Today, Pope Francis denounced the Mafia and excommunicated its members from the Catholic Church. But just yesterday, he praised drug prohibition and refused to support any “yielding or compromise” on the issue of legalization. There is an obvious tension between these two positions. As the CNN article on the pope’s excommunication of the Mafia notes, the Sicilian Mafia – like many other organized crime and terrorist organizations – gets most of its revenue from the illegal drug trade.
The War on Drugs has been an enormous boon to organized crime around the world. If currently banned drugs were legalized, it would be a major blow to organized crime, just as the abolition of alcohol prohibition was back in 1933. Few consumers would prefer to buy their drugs from the Mafia or the Taliban if they could instead get them from legal sources. Pope Francis justifiably denounces the Sicilian Mafia as an example of “the adoration of evil and contempt for the common good.” But the drug policies he supports are a major cause of the evil that he condemns.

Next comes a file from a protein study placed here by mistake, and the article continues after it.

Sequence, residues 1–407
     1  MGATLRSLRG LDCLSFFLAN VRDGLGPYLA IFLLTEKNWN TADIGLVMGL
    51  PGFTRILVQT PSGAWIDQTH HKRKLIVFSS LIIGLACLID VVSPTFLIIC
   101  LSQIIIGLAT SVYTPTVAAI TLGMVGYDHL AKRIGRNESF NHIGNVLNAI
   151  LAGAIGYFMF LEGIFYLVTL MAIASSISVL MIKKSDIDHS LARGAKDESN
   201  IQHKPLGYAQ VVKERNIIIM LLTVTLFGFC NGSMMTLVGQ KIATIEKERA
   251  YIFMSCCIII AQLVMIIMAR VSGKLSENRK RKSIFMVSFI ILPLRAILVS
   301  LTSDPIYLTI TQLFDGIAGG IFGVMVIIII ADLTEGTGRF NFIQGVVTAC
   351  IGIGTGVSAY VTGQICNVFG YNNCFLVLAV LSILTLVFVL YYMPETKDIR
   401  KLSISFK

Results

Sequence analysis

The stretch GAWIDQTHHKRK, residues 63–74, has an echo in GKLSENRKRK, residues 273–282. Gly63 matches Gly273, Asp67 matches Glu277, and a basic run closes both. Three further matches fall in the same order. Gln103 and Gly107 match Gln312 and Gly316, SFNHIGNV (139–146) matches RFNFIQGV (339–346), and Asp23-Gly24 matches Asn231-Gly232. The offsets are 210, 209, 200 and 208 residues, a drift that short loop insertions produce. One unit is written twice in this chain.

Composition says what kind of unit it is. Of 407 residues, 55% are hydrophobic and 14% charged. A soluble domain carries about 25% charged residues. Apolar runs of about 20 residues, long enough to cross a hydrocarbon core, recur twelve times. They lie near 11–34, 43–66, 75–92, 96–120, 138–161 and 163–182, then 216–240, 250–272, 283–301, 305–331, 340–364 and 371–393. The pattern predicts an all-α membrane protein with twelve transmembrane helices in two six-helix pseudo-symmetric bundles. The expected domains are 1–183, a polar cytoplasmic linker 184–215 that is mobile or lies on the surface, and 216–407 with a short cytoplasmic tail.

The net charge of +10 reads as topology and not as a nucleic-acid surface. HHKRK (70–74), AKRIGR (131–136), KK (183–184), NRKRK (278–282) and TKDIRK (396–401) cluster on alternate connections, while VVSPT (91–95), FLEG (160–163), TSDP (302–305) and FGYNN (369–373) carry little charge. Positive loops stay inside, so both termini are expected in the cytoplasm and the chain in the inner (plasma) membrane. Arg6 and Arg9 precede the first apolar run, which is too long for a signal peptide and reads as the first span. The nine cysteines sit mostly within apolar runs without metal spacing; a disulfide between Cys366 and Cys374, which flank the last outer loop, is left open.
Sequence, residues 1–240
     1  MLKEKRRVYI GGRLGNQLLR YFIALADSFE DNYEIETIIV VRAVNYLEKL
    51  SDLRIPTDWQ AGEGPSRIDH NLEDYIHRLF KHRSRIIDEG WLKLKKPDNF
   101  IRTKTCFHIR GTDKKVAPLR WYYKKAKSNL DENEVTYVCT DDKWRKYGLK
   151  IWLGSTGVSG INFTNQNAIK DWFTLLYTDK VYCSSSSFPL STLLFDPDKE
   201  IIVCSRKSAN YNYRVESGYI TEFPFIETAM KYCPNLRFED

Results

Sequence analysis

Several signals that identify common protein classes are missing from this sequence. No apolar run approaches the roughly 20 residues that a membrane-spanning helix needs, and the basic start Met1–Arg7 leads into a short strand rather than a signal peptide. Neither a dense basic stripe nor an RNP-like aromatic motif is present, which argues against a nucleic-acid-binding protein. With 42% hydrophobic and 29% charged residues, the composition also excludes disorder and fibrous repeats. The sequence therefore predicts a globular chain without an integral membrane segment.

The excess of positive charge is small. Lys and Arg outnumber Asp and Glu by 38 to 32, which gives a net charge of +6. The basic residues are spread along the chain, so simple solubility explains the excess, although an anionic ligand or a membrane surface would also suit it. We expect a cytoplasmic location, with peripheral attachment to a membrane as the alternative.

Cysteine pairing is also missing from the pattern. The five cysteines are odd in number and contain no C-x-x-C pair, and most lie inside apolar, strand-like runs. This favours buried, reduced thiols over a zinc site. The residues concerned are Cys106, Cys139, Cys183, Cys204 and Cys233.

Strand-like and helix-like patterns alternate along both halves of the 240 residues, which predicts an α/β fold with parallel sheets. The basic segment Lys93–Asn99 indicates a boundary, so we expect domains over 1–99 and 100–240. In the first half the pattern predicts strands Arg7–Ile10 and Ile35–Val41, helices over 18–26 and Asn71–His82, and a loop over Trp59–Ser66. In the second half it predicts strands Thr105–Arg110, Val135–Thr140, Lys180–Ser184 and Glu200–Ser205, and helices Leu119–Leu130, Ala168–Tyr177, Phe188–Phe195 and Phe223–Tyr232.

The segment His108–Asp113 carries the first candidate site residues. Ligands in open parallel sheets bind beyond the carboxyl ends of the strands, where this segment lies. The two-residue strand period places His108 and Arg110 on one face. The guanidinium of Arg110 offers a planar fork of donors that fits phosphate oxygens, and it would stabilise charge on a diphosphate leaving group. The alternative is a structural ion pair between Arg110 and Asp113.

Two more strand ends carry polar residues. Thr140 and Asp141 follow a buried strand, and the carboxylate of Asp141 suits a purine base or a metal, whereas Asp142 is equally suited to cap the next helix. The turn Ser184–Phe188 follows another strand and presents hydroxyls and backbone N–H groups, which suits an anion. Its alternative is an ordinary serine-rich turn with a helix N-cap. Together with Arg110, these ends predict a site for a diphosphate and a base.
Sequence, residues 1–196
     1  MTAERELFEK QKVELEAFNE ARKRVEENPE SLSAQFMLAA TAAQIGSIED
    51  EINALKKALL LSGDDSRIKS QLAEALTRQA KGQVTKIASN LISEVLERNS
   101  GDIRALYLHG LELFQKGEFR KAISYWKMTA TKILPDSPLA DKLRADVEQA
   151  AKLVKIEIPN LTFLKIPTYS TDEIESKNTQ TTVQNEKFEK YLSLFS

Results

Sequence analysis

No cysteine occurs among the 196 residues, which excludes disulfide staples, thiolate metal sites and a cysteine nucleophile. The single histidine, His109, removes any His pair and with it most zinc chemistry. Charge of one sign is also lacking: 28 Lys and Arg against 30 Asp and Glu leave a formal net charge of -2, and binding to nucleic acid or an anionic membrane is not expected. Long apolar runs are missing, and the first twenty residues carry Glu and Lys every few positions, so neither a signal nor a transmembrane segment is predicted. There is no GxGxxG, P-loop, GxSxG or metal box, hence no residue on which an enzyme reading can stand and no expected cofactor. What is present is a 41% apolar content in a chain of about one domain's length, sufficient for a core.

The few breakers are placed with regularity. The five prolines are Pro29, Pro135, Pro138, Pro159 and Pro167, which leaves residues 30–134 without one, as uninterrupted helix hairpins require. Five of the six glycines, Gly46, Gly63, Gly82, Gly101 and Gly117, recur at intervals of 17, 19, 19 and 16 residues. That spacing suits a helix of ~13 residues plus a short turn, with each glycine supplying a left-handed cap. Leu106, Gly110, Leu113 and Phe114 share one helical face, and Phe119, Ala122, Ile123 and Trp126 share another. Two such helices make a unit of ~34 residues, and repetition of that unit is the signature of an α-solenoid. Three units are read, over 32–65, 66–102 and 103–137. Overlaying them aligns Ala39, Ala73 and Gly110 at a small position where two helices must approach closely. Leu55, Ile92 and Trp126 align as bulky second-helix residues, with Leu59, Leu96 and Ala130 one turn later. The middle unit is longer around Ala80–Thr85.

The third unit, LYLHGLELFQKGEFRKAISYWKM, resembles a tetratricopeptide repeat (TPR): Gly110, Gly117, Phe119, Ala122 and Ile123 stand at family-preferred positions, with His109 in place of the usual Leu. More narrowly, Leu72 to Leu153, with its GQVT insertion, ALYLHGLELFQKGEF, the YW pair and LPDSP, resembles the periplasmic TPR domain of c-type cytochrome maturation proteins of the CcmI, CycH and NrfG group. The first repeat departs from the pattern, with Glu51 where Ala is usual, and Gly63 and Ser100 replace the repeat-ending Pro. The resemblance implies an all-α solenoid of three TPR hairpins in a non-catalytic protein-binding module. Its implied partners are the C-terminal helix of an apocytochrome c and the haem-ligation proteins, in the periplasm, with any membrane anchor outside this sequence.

Ilya Somin is Professor of Law at George Mason University School of Law. His research focuses on constitutional law, property law, and the study of popular political participation and its implications for constitutional democracy. He is the author of Democracy and Political Ignorance: Why Smaller Government is Smarter (Stanford University Press, 2013), and coauthor of A Conspiracy Against Obamacare: The Volokh Conspiracy and the Health Care Case (Palgrave Macmillan, 2013). Somin has been a visiting professor at the University of Pennsylvania Law School, the University of Hamburg, Germany, and the University of Torcuato Di Tella in Buenos Aires, Argentina. Before joining the faculty at George Mason, Somin was the John M. Olin Fellow in Law at Northwestern University Law School in 2002-2003. In 2001-2002, he clerked for the Hon. Judge Jerry E. Smith of the U.S. Court of Appeals for the Fifth Circuit. Professor Somin earned his B.A., Summa Cum Laude, at Amherst College, M.A. in Political Science from Harvard University, and J.D. from Yale Law School.